"Two artists always fascinate me - Piero della Francesca and Rembrandt. I am fixed on these two and their insoluble opposition. Piero is the ideal painter: he pursued abstraction, some kind of fanastic, metaphysical, perfect organism. In Rembrandt the plane of art is removed. It is not a painting, but a real person - a substitute, a golem. He is really the only painter in the world!"
Interesting take on these two painters. I am not sure exactly what he means by saying that Piero is 'an ideal painter'. And regarding Rembrandt in saying 'the plane of art is removed' again, I am not sure what he is getting at. 'A golem', I had to look up, to be honest.
The word golem occurs once in the Bible in Psalms 139:16, which uses the word גלמי (galmi; my golem), meaning "my unshaped form", connoting the unfinished human being before God’s eyes. The Mishnah uses the term for an uncultivated person: "Seven characteristics are in an uncultivated person, and seven in a learned one," (שבעה דברים בגולם) (Pirkei Avot 5:6 in the Hebrew text; English translations vary). In Modern Hebrew, golem is used to mean "dumb" or "helpless". Similarly, it is often used today as ametaphor for a brainless lunk or entity who serves man under controlled conditions but is hostile to him under others."Golem" passed into Yiddish as goylem to mean someone who is clumsy or slow.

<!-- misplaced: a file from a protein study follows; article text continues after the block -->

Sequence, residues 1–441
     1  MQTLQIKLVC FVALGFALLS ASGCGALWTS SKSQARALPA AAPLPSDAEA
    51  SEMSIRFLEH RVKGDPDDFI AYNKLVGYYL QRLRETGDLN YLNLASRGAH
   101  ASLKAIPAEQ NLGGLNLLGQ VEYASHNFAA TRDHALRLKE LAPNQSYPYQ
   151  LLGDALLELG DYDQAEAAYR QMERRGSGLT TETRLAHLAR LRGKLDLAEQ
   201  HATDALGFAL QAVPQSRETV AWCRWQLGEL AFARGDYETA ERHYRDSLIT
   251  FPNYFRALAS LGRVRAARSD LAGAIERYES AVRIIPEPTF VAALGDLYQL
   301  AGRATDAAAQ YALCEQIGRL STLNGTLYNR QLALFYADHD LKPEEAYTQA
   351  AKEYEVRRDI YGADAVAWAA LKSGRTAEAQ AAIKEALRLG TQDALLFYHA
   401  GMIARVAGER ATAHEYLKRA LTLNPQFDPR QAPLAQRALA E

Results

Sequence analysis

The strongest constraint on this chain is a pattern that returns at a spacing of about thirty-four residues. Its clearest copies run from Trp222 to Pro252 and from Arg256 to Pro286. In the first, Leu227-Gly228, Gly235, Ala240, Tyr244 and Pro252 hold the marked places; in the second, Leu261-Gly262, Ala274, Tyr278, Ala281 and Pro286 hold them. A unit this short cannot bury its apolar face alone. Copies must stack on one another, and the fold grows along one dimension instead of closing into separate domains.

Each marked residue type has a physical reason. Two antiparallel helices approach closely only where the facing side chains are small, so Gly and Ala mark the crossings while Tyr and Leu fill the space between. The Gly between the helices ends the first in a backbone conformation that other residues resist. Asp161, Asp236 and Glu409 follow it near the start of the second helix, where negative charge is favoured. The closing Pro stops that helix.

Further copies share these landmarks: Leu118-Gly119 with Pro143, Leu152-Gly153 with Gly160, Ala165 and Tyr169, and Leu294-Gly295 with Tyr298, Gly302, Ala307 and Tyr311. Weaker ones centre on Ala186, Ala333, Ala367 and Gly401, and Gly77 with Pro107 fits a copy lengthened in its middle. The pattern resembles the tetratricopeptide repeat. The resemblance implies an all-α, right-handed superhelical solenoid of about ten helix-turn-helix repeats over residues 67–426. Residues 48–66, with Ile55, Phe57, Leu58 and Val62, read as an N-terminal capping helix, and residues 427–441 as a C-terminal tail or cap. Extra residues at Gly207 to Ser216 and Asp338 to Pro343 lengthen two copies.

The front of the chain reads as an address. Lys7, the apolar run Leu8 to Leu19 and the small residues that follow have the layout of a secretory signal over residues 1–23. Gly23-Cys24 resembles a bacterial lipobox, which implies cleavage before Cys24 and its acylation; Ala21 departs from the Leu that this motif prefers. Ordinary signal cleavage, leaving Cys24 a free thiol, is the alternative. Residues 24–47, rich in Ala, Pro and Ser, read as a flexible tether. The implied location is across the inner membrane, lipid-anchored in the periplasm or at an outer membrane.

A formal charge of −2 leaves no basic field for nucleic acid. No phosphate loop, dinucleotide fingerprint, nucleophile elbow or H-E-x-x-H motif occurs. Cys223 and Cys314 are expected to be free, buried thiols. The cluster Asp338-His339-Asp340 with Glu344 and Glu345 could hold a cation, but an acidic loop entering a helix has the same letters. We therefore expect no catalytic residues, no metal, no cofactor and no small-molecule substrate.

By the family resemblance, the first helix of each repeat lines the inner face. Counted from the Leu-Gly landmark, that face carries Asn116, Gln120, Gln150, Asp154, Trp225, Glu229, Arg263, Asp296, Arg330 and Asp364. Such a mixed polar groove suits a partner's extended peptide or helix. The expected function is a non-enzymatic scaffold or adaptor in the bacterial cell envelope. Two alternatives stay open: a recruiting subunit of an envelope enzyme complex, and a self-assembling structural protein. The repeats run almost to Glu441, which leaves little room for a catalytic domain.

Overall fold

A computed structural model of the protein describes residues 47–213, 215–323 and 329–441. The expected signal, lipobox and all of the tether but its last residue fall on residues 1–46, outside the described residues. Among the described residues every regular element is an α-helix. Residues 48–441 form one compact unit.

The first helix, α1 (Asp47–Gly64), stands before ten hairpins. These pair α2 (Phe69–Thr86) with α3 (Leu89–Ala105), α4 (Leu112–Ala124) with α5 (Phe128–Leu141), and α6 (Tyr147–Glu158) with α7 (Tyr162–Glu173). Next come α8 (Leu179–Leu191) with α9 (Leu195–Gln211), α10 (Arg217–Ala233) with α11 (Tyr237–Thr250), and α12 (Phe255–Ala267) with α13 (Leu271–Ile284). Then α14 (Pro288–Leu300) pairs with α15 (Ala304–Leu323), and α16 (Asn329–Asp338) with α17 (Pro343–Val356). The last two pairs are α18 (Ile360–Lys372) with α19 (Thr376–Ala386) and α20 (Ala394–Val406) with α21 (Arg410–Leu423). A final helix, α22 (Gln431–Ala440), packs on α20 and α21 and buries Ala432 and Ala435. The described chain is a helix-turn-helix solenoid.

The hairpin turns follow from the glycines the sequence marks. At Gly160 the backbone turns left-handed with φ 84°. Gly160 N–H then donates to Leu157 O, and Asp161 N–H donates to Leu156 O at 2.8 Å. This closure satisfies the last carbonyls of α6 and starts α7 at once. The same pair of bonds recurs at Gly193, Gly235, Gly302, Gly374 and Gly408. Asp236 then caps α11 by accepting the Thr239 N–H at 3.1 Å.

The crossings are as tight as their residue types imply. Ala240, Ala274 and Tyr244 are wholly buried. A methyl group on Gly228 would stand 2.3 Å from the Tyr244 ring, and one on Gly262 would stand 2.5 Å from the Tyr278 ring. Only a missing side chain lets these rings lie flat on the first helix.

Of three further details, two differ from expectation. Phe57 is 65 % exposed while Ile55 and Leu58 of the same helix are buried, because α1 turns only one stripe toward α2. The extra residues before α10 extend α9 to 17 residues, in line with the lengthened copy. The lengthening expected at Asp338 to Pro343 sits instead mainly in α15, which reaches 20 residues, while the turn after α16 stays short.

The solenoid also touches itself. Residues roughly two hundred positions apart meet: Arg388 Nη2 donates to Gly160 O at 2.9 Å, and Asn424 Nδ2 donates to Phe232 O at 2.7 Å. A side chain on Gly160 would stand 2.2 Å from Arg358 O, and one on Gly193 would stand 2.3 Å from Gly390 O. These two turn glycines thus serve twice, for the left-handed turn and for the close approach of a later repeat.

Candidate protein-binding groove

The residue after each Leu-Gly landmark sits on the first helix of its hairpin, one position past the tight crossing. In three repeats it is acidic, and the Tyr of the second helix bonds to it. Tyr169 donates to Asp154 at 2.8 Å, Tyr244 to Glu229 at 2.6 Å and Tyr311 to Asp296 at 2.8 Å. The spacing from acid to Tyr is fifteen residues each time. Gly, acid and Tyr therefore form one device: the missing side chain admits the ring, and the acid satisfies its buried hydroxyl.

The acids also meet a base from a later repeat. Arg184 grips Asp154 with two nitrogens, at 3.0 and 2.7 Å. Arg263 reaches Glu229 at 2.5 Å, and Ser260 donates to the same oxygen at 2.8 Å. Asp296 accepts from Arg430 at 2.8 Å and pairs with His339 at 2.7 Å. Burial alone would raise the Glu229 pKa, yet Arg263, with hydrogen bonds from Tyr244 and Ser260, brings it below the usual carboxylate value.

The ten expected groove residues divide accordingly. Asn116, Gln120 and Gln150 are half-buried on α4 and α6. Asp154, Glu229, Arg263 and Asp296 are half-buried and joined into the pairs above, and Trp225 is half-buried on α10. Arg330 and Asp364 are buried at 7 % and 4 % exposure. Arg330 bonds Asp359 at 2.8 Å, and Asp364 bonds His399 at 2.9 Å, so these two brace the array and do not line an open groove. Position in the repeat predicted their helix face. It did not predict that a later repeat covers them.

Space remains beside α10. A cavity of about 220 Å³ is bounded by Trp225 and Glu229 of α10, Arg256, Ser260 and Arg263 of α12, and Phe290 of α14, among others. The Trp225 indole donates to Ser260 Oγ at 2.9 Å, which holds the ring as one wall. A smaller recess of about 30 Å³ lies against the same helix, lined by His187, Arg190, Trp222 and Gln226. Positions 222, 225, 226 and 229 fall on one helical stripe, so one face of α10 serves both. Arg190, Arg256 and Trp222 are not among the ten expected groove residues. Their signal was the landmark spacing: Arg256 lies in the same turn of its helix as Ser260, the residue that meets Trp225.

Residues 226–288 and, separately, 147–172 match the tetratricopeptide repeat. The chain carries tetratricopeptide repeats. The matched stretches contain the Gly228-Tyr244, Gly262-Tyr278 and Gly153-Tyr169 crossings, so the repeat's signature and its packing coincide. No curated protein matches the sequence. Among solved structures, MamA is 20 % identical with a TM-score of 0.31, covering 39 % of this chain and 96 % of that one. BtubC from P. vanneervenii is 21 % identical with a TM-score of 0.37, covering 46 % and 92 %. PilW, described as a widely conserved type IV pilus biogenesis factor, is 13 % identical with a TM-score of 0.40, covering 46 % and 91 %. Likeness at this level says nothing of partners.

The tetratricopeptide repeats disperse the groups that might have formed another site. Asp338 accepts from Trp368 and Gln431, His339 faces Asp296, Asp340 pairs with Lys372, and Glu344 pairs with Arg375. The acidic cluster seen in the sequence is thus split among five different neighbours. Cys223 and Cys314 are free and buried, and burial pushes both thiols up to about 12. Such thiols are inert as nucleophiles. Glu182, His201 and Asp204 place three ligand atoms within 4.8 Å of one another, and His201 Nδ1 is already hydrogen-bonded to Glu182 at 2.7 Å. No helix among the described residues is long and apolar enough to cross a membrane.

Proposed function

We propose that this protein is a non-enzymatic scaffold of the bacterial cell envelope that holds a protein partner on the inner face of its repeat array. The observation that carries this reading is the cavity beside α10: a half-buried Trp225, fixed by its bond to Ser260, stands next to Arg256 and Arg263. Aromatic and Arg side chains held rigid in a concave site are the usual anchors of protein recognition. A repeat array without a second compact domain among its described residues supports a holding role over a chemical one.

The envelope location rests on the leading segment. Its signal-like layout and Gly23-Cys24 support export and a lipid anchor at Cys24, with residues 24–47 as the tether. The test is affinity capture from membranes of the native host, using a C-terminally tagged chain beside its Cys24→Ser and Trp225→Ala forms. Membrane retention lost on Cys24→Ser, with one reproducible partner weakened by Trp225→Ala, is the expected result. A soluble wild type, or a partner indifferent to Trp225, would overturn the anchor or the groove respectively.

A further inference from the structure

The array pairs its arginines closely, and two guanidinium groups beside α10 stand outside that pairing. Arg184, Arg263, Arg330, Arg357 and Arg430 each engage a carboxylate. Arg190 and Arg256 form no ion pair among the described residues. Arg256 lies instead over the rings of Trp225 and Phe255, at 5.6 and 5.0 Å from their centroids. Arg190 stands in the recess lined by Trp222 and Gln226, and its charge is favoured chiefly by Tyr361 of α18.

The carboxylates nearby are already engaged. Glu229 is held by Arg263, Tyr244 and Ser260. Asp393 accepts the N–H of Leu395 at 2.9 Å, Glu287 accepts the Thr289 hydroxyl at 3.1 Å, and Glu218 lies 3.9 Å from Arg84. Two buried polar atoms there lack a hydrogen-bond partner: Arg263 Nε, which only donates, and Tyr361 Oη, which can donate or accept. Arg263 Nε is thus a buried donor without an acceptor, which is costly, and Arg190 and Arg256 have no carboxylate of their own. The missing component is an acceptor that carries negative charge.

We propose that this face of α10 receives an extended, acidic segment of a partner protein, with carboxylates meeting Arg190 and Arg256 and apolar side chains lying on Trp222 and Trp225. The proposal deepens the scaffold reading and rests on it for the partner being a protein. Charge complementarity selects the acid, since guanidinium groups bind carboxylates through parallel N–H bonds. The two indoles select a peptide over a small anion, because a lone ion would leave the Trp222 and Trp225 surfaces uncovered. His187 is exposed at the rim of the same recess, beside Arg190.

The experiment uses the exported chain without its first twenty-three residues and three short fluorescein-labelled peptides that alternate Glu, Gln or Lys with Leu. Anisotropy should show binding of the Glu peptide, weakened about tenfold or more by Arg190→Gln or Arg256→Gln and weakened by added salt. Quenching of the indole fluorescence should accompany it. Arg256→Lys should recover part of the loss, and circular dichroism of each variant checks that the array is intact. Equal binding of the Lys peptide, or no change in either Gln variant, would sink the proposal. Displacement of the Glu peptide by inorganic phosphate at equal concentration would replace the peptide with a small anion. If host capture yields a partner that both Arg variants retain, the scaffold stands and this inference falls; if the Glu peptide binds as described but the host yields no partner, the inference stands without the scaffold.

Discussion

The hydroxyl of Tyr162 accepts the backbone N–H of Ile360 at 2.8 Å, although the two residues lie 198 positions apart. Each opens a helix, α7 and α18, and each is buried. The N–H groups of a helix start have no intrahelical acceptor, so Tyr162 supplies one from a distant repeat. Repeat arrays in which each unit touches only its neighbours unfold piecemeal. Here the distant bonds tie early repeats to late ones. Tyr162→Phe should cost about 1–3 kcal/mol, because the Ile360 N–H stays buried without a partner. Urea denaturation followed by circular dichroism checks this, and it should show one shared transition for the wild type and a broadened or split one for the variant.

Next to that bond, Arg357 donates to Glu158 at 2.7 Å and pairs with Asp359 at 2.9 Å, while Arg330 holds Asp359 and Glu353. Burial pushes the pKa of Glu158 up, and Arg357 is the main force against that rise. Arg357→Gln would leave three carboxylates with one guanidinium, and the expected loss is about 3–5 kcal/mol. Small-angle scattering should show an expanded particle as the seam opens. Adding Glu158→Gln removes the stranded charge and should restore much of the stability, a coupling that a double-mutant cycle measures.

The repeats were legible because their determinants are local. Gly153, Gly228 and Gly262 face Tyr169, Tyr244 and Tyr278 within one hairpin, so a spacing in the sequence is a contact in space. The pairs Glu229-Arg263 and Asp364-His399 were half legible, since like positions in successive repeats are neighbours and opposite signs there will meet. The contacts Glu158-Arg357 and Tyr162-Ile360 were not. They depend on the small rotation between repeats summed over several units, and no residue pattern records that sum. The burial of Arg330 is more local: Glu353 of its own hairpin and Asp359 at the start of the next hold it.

So, what does Guston mean to say?